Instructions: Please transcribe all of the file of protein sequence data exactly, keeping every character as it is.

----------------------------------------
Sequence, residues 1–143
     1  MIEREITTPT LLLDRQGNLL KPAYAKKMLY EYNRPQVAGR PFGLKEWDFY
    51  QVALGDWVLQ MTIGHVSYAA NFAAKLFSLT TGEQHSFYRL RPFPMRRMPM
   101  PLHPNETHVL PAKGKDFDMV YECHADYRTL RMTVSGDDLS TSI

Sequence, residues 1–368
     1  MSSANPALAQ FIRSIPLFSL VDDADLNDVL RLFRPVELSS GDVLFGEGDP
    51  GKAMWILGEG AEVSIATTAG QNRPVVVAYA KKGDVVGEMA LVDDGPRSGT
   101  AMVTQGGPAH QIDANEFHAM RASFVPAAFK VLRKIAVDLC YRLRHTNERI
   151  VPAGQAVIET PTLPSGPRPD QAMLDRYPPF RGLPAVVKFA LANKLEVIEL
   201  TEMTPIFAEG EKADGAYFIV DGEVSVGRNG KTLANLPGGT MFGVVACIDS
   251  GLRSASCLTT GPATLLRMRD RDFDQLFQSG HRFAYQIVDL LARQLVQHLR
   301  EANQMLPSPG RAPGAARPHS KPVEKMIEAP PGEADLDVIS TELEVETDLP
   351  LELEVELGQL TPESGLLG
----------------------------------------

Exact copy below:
Sequence, residues 1–143
     1  MIEREITTPT LLLDRQGNLL KPAYAKKMLY EYNRPQVAGR PFGLKEWDFY
    51  QVALGDWVLQ MTIGHVSYAA NFAAKLFSLT TGEQHSFYRL RPFPMRRMPM
   101  PLHPNETHVL PAKGKDFDMV YECHADYRTL RMTVSGDDLS TSI

Sequence, residues 1–368
     1  MSSANPALAQ FIRSIPLFSL VDDADLNDVL RLFRPVELSS GDVLFGEGDP
    51  GKAMWILGEG AEVSIATTAG QNRPVVVAYA KKGDVVGEMA LVDDGPRSGT
   101  AMVTQGGPAH QIDANEFHAM RASFVPAAFK VLRKIAVDLC YRLRHTNERI
   151  VPAGQAVIET PTLPSGPRPD QAMLDRYPPF RGLPAVVKFA LANKLEVIEL
   201  TEMTPIFAEG EKADGAYFIV DGEVSVGRNG KTLANLPGGT MFGVVACIDS
   251  GLRSASCLTT GPATLLRMRD RDFDQLFQSG HRFAYQIVDL LARQLVQHLR
   301  EANQMLPSPG RAPGAARPHS KPVEKMIEAP PGEADLDVIS TELEVETDLP
   351  LELEVELGQL TPESGLLG